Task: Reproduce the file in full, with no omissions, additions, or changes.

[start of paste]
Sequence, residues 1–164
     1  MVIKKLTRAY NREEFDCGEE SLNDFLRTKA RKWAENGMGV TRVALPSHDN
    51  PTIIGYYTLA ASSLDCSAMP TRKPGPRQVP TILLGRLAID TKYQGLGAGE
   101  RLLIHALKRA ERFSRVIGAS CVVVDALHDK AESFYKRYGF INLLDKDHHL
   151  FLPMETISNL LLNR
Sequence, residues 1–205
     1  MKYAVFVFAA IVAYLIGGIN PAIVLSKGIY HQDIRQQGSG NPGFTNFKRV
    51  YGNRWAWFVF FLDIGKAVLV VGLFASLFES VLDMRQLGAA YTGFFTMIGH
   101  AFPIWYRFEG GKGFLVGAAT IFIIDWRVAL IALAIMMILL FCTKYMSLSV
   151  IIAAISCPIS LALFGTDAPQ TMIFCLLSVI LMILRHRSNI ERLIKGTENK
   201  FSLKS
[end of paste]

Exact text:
Sequence, residues 1–164
     1  MVIKKLTRAY NREEFDCGEE SLNDFLRTKA RKWAENGMGV TRVALPSHDN
    51  PTIIGYYTLA ASSLDCSAMP TRKPGPRQVP TILLGRLAID TKYQGLGAGE
   101  RLLIHALKRA ERFSRVIGAS CVVVDALHDK AESFYKRYGF INLLDKDHHL
   151  FLPMETISNL LLNR
Sequence, residues 1–205
     1  MKYAVFVFAA IVAYLIGGIN PAIVLSKGIY HQDIRQQGSG NPGFTNFKRV
    51  YGNRWAWFVF FLDIGKAVLV VGLFASLFES VLDMRQLGAA YTGFFTMIGH
   101  AFPIWYRFEG GKGFLVGAAT IFIIDWRVAL IALAIMMILL FCTKYMSLSV
   151  IIAAISCPIS LALFGTDAPQ TMIFCLLSVI LMILRHRSNI ERLIKGTENK
   201  FSLKS